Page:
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When the heat of summer sets in, those of us who yearn to get to the shore don’t often think of ourselves as part of the herd. Yet the scene in Peter de Sève’s new cover for the July 24, 2023, issue renders that experience recognizable: rushing to the beach in July will often land us in the midst of a boisterous army of umbrella- and picnic-wielding beachgoers, like lemmings eager to jump in the water. I talked to the artist about what fuels his urge to draw and bring a menagerie of characters to life.
What made you think of lemmings for a summer cover?
I’ve always been a little obsessed with drawing animals, and lemmings are no exception. In fact, as teen-agers, my friend Jon Victor and I collaborated on a comic strip called “Lemmings,” which invariably consisted of a lemming standing on the edge of a cliff deliberating some kind of existential dilemma—to jump or not to jump. We never made a dime off of it, but the characters were a big hit with my high-school classmates.
De Sève jots down his ideas for covers in quick doodles and builds up the finishes.
You work in animation as well as print illustration. How do the creative processes differ for you?
While my work in illustration and animation are related, they seem to utilize two slightly different parts of my brain. For the print work, the images have to be carefully composed to tell my joke or story in just the way I want the viewer to take it in. On top of that, almost every one of my covers is done in watercolor, which for me is not exactly the most spontaneous medium. I build up my washes of color gradually and simultaneously refine the line work with a brush and ink until I feel it’s finished.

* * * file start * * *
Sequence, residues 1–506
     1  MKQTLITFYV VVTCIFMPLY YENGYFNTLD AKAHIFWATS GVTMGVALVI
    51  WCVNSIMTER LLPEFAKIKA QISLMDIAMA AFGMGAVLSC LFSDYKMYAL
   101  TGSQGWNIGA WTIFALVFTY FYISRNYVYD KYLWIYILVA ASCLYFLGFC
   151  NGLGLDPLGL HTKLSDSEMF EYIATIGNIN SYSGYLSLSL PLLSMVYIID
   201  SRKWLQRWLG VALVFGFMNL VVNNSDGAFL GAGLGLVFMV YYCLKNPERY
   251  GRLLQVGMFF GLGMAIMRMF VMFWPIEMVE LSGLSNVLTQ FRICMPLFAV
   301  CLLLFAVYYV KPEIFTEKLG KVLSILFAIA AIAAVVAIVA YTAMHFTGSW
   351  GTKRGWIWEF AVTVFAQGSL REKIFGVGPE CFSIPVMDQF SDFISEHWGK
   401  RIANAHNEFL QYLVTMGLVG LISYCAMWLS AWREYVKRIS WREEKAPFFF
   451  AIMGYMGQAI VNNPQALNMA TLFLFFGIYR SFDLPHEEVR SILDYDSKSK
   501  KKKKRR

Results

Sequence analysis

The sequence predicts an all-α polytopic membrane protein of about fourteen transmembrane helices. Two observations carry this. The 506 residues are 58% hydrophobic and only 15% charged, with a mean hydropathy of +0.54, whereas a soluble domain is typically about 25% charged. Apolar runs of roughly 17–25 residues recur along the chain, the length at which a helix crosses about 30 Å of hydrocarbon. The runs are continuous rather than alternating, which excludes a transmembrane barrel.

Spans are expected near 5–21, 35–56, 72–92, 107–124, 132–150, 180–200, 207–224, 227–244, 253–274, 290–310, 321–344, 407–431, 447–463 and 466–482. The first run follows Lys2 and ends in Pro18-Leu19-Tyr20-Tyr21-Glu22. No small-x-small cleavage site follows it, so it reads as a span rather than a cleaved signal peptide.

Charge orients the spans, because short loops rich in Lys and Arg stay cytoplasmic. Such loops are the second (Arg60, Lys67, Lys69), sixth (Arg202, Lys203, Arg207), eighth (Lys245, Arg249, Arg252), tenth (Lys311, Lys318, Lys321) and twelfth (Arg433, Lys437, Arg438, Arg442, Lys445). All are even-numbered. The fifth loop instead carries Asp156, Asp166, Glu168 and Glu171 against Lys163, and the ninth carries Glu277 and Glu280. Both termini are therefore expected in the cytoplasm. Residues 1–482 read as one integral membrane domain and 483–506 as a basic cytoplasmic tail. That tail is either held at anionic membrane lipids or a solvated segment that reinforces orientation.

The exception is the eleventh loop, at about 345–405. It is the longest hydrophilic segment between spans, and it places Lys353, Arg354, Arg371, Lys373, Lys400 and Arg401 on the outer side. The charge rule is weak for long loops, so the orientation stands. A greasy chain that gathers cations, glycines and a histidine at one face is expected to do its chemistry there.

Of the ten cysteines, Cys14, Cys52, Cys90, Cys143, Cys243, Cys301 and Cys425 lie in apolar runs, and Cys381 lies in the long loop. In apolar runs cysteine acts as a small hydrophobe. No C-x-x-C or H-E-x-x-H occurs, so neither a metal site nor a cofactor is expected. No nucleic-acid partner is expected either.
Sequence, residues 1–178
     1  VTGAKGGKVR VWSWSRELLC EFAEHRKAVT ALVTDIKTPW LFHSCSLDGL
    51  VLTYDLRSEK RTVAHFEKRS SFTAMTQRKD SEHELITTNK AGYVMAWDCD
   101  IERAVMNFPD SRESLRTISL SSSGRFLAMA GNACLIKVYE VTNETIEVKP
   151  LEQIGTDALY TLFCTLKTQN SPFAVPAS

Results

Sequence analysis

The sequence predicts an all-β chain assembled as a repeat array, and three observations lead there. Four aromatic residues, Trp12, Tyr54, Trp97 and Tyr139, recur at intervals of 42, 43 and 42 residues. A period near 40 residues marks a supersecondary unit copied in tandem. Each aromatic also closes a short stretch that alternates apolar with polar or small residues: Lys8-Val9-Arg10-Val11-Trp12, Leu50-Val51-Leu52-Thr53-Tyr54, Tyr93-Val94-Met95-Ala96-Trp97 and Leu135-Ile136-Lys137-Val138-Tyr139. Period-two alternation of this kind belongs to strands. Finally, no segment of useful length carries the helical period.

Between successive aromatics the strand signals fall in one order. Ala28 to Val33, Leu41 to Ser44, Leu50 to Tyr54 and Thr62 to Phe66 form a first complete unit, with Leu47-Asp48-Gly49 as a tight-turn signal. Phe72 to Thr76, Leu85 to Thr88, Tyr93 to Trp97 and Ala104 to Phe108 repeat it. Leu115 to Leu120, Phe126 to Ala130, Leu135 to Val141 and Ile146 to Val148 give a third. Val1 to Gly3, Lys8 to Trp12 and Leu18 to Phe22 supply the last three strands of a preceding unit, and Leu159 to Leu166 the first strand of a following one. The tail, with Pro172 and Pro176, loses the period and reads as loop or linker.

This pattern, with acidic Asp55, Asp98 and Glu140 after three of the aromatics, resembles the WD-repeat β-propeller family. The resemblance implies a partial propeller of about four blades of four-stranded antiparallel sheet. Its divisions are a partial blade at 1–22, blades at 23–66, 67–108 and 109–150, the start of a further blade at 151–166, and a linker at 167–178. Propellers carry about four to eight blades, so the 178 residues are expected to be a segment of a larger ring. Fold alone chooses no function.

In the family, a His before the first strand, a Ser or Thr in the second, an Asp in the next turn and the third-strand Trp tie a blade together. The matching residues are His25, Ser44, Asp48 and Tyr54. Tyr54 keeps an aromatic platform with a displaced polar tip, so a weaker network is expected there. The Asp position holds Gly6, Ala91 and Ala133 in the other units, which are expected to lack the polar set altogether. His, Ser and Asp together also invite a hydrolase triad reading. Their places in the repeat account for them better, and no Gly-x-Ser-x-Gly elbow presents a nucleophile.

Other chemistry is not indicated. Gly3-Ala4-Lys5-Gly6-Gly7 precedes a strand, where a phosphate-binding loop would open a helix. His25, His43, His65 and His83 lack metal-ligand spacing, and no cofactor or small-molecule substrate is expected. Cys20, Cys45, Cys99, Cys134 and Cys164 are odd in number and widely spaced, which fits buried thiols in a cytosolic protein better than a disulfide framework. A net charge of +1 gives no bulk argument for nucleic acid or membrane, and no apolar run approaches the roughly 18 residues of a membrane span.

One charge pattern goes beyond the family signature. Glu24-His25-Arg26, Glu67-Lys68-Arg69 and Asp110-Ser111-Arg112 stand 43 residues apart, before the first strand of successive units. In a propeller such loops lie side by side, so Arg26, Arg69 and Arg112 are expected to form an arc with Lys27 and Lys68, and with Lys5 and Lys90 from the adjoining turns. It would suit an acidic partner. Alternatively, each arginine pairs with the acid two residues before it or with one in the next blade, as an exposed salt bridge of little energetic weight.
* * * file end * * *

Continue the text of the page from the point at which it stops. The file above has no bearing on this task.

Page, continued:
On the other hand, my character-design work for animation is always done in a very loose, off-the-cuff style. I often begin with just an eyeball and see where it takes me. It’s a much more instinctive approach than my finished illustration work, but I enjoy doing both.
A book collection of your images is coming this fall; you are also going to have an exhibit at the Philippe Labaune Gallery, in October. Is the selection process different for each?
It’s a hard choice every step of the way, and the selection process, whether choosing pictures to display in a gallery or choosing pictures for a book, is heart-wrenching. The gallery may even be more difficult. Not everything looks good on a wall, and I want to show as many aspects of my work as possible; at the same time, we only have a limited amount of wall space to do it in.
You collect other artists’ work. Do you think drawings and illustrations have the place they deserve in the art world?
I continue to be an avid collector of original art, especially illustrators from the early twentieth century. To me, the works are treasures, especially because they are created by hand, which is becoming rarer and rarer in this digital age. Though I don’t think this kind of art work has gained the respect it deserves, I have a feeling it will become more valuable as it continues to disappear.
For more covers about animals in the summer, see below:
“June 18, 1960,” by William Steig
“Lobsterman’s Special,” by Bruce McCall
“Off the Leash,” by Mark Ulriksen
Find de Sève’s covers, cartoons, and more at the Condé Nast Store.